RTP (Rixstep) — Rixstep proudly announce 'Seahaven technology' for their CandS application for Apple's desktop 'macOS'. Seahaven gives users the ability to be rid of 'cruft' created and slapped onto downloads for their file systems already before they access their files. This 'cruft' locks users in a 'walled garden'.
The Days of Tiger
It was with the release of OS X version 10.4 (Tiger) in 2005 that Apple finally dispensed with the perplexing 'resource fork', replacing it with a somewhat standardised extended attribute or 'XA'. Special formatting exemptions remained for the resource fork, but XAs were otherwise only a pair of name and associated data stream, in any format (most popular: the XML-based property list).
It didn't take long, however, before the XA facility was roundly abused - mostly by Apple.
Apple products of today routinely drop XAs in all the strangest places, for indefensible reasons, such as on temporary directories generated by product builds.
The breaking point came with recent OS version 10.14 'Mojave' when users suddenly found all their files - each and every file - contaminated with a new 'last used' XA as soon as they were opened.
Unsurprisingly, no explanation or documentation was made available by Apple.
Rixstep's 'XA' Utilities
Rixstep have had a number of Cocoa utilities dating back to 2005 to deal with extended attributes, and, as the complexities (and improbabilities) of successive OS versions grew, specific utilities to deal with the situations.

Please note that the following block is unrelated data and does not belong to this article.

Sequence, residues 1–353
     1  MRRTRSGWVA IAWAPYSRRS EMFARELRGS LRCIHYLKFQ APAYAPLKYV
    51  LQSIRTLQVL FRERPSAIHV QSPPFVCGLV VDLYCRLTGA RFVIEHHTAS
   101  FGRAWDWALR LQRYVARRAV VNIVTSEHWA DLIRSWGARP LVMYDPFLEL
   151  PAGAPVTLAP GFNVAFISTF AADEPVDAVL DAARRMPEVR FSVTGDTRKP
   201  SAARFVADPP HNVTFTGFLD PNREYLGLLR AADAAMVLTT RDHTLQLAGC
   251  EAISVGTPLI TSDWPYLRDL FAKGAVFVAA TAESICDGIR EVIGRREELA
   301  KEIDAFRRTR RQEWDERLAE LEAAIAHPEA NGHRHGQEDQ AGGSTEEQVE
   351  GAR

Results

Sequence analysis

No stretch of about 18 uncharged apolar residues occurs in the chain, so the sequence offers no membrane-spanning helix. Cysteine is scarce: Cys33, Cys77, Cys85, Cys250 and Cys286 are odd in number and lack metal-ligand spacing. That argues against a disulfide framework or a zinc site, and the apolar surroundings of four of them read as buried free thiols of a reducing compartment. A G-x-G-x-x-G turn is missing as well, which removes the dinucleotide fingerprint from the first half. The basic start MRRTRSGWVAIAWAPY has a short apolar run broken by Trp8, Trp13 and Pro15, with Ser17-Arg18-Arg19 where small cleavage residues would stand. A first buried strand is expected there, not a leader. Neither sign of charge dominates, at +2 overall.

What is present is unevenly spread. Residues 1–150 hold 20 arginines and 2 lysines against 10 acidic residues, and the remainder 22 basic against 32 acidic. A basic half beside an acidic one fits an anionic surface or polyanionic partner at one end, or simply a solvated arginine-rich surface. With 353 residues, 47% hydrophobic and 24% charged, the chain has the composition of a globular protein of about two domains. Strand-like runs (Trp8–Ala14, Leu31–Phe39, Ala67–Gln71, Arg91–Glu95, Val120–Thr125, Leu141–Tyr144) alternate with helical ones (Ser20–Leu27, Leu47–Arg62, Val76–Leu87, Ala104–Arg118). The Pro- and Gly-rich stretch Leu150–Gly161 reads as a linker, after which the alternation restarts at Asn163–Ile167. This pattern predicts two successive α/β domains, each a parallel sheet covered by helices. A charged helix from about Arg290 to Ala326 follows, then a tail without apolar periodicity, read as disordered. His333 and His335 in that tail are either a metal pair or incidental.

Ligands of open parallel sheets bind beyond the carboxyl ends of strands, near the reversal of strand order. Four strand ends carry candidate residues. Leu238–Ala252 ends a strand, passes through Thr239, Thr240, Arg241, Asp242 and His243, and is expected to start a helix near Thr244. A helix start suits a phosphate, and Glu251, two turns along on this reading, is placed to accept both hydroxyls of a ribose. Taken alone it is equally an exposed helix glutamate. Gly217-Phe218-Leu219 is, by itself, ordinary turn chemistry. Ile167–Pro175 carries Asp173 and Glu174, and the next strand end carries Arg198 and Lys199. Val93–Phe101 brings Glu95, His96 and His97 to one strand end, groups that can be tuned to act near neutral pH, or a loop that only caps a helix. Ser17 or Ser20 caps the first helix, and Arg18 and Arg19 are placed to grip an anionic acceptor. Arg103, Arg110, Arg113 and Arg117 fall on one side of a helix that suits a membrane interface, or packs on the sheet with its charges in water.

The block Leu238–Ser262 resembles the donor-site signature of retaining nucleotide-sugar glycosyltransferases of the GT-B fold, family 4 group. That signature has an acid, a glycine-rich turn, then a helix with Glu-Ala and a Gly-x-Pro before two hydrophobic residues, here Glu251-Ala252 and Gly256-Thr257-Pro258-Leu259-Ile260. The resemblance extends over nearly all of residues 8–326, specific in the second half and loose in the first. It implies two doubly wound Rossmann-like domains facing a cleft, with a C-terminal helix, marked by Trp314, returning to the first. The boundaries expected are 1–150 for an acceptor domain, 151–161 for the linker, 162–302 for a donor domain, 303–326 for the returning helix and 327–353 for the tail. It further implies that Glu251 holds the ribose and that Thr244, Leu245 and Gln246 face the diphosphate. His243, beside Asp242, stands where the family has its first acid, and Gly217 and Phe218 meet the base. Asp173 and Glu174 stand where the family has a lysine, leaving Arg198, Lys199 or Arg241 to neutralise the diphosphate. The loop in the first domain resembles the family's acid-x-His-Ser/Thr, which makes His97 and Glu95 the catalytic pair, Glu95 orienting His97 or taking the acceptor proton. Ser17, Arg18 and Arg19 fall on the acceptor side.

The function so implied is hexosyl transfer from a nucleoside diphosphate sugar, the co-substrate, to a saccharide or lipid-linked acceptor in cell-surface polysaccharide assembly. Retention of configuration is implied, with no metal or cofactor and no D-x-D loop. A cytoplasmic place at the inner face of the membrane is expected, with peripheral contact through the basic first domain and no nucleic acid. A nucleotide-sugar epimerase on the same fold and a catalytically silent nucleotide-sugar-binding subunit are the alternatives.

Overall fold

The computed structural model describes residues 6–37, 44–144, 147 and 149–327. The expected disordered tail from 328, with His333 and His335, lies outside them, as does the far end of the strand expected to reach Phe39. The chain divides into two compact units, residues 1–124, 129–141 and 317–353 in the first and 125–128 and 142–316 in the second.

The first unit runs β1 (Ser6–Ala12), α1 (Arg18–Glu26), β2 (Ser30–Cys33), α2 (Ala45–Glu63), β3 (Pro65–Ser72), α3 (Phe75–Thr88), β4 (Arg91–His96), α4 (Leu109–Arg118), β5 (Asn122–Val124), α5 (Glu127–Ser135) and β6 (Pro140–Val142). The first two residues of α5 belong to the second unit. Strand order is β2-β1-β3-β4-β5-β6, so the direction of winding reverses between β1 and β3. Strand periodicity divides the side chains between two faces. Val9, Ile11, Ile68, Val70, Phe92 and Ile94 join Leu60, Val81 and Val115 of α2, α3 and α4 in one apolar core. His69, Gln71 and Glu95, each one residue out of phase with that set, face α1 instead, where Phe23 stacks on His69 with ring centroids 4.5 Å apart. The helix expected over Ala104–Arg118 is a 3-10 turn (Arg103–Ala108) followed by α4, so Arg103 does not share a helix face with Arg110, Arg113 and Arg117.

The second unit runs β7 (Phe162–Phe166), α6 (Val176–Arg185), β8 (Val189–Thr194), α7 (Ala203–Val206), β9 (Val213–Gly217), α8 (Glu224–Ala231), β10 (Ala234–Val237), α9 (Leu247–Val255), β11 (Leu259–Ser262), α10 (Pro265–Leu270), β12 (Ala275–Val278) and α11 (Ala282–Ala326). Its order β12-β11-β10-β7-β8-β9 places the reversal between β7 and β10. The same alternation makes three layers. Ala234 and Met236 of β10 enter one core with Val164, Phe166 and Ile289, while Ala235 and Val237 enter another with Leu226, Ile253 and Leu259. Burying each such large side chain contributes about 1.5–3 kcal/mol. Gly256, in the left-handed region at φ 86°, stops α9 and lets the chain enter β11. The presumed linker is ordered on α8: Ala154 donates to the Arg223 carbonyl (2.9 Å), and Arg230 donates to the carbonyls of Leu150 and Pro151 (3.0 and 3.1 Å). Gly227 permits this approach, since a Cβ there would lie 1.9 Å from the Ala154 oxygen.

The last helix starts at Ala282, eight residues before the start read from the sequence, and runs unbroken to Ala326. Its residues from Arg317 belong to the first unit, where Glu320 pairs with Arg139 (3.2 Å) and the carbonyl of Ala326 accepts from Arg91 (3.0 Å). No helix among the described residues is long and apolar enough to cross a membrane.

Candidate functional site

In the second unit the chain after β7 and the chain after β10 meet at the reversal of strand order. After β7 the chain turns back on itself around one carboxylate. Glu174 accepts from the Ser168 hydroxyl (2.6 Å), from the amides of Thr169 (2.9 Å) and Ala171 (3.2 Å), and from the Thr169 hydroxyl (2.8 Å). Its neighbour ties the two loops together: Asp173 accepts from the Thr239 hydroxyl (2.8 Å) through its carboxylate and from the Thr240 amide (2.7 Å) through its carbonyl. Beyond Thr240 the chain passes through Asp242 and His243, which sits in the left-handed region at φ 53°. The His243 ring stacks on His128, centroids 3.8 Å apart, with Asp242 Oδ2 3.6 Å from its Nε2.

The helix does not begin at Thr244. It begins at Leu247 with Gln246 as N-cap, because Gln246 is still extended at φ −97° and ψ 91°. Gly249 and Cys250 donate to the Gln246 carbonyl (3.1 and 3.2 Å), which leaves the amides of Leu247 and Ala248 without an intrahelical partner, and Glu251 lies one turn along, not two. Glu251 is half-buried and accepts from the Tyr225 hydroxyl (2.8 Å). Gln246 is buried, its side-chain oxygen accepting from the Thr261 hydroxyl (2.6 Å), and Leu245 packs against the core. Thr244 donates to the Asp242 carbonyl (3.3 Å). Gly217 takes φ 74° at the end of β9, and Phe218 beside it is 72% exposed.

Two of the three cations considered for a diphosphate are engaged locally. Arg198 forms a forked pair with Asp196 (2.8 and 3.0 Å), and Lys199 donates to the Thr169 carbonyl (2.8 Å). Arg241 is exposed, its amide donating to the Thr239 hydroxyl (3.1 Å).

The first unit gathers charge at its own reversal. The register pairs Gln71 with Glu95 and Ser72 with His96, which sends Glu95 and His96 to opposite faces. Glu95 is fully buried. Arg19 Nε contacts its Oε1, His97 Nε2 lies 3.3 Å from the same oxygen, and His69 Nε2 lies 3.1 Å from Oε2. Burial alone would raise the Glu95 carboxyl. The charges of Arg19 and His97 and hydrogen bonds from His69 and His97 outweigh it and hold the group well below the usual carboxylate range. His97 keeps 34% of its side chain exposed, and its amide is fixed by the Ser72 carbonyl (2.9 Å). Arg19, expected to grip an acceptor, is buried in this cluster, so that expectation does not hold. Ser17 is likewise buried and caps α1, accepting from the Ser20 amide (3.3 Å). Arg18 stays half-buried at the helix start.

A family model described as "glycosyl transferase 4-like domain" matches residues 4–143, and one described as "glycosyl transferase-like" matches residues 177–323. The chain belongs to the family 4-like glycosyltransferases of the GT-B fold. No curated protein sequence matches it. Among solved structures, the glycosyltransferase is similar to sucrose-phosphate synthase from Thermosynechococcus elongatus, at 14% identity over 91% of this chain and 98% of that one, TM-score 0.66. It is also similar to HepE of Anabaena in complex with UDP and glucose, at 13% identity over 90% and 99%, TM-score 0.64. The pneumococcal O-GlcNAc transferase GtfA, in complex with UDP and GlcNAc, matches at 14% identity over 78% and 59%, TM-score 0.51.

Xattr was the first utility to deal with the extended attributes API from a graphical user interface.
CandS ('Clean and Seal') was created to deal with the new 'last used' extended attribute on Mojave.
XaBatch, which has its command-line counterpart xabatch, is a script-based system administration utility for changing extended attributes in bulk.
But the advent of version 10.15 'Catalina' takes things one step further - a step too far.
Apple's 'Walled Garden'
Apple's ultimate goal with the all-important independent software market is to get creators to pay the debilitating 'Apple tax', something that Paul Graham and others have warned about for over ten years.
Locking down desktop systems like their mobile systems seems too risky - they feared a backlash. So now they've added 'notarisation' to their bag of tricks where they already have their dodgy 'code-signing'.
Suddenly Apple's 'Rock Solid Foundation' ain't looking too rock solid anymore.
It's amusing - how Apple can think people are going to be able to use their systems once all these measures are in place - having to, in essence, follow the famous 'Mac vs PC' parody of 'Cancel or Allow' to get access to their own home directories - to their own files.
As files are downloaded - not from all locations, just from the locations Apple can control - they're slapped with a special 'quarantine' extended attribute which is picked up by the launch services (by the 'Gatekeeper'). Once the files in question are logged by Gatekeeper, the user is effectively in Apple's 'walled garden', and the collection of Apple's draconic rules starts to apply.